pects: the modeling process of the credit risk from the individual client to the portfolio (the

qualitative aspect), the quantification of portfolio risk and risk contributions to portfolio risk

as well as the analysis of portfolio risk structures (the quantitative aspect), and, finally, meth-

ods to improve portfolio risk and its risk adjusted profitability (the management aspect).

The modeling process

The modeling process includes the identification, mathematical description and estimation of

influence factors on credit risk. On the level of the single client these are the definitions of

7 8 9default and other credit events , the estimation of default probabilities , the calculation of

10 11credit exposures and the estimation of losses given default . On the portfolio level, depend-

12encies and interactions of clients need to be modeled .

The assessment of the risk models is predominantly an analysis of the modeling decisions

taken and of the estimation techniques applied. We show that all of the four models have con-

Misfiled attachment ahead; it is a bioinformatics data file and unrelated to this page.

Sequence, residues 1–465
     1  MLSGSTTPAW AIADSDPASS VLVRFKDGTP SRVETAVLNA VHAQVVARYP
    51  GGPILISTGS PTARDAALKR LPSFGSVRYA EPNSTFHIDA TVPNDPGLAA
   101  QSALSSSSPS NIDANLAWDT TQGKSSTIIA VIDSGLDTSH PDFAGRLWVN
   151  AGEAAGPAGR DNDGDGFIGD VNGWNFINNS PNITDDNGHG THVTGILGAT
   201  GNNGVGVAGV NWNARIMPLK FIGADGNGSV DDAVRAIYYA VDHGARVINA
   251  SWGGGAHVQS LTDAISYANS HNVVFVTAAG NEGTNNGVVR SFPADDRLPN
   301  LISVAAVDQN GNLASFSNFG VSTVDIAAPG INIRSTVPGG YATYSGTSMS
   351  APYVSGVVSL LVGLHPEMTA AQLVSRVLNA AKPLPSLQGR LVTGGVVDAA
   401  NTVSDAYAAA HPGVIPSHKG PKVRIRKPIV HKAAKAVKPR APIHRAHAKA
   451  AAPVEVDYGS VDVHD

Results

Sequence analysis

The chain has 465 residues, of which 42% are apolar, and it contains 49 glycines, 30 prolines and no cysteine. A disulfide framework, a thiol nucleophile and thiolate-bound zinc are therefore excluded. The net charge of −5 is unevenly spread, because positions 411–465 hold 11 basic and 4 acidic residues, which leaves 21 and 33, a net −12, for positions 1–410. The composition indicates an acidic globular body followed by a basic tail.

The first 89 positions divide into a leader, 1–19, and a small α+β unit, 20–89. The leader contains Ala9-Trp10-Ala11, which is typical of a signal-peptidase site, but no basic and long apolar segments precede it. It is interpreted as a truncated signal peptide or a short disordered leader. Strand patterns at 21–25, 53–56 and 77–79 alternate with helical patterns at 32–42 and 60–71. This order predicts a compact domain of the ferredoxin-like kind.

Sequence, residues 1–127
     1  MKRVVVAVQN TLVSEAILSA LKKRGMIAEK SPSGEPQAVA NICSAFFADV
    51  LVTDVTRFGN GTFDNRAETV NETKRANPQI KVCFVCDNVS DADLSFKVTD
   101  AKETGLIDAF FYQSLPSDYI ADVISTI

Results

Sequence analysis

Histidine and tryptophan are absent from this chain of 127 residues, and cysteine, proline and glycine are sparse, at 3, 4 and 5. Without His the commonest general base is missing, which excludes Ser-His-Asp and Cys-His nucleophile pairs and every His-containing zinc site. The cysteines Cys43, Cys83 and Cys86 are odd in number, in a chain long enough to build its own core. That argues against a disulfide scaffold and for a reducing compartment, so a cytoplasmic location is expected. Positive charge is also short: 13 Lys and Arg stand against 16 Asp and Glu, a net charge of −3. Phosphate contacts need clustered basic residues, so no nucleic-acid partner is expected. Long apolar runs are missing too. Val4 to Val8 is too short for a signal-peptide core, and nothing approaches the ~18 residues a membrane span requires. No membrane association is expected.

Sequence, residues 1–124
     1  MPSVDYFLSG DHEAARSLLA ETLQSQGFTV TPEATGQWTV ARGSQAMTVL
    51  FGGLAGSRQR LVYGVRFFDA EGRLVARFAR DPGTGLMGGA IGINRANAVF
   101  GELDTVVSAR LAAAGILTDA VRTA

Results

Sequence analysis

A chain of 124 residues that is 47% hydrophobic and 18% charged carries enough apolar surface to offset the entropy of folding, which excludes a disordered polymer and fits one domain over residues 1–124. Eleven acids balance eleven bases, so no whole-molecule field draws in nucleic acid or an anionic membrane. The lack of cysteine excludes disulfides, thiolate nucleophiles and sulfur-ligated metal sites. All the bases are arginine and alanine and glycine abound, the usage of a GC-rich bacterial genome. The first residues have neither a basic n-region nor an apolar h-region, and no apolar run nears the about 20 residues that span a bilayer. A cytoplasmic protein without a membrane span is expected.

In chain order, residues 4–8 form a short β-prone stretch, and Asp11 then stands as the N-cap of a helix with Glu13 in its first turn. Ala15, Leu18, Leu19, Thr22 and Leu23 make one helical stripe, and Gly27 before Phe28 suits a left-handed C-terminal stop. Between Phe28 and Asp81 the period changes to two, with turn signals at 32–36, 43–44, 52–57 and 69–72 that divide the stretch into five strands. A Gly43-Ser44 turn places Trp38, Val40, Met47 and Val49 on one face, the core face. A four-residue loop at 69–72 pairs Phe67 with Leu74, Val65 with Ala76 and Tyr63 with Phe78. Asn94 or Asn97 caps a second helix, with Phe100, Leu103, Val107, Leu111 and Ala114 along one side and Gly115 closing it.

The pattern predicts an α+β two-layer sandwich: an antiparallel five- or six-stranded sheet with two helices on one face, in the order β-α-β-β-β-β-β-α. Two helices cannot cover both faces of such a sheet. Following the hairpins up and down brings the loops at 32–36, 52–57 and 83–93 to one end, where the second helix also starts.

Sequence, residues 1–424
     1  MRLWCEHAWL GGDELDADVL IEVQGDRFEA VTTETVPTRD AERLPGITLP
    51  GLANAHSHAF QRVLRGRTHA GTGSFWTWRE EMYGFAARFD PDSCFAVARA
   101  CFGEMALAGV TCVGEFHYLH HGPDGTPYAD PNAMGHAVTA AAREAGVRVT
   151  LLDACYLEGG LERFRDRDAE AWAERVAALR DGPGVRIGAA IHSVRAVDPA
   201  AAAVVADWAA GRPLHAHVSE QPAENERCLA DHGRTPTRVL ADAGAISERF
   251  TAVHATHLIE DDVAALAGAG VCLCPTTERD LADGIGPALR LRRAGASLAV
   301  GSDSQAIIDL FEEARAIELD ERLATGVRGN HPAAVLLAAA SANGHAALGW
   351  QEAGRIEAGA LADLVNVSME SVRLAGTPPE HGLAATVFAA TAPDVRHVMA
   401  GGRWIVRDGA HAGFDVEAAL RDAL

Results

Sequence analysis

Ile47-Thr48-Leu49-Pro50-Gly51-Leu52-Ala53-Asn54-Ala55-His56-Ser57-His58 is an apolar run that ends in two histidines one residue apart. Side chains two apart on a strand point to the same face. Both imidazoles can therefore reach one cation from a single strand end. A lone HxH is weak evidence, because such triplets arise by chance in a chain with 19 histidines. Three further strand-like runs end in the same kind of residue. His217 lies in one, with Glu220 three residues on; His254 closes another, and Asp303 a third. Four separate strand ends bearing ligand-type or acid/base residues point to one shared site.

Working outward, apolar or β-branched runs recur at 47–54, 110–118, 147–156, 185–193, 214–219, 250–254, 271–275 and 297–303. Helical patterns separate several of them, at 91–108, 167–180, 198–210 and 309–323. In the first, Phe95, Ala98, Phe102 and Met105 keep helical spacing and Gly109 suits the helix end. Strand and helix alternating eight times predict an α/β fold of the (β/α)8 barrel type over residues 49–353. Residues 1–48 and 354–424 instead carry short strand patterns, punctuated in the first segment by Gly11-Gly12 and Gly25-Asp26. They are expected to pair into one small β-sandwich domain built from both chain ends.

siderable conceptual problems that may lead to an invalid estimation, analysis and pricing of

portfolio risk.

In particular, we identify that the techniques applied for the estimation of default probabilities

13 14and related inputs cause systematic errors in Credit Risk+ and Credit Portfolio View if

certain very strict requirements on the amount of available data are not met even if model

assumptions are assumed to hold. If data is sparse, both models are prone to underestimate

default probabilities and in turn portfolio risk.

For Credit Metrics and the KMV model, it is shown that both models lead to correct results if

they are correctly specified. The concept of dependence that is common to both models –

called the normal correlation model – can easily be generalized by choosing a non-normal

7 See section I.A.

8 I.e. of rating transitions, see sections I.B.4, I.B.6.c)(4), I.B.7.

9 See section I.B.

10 Section I.C.

11 Section I.D.

12 See Section II.A.

13 Section I.B.5

14 Section I.B.6

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distribution for joint asset returns. As one of the main results, we prove for homogenous port-

folios that the normal correlation model is precisely the risk minimal among of all possible

generalizations of this concept of dependence. This implies that even if the basic concept of

dependence is correctly specified, Credit Metrics and the Vasicek-Kealhofer model systemati-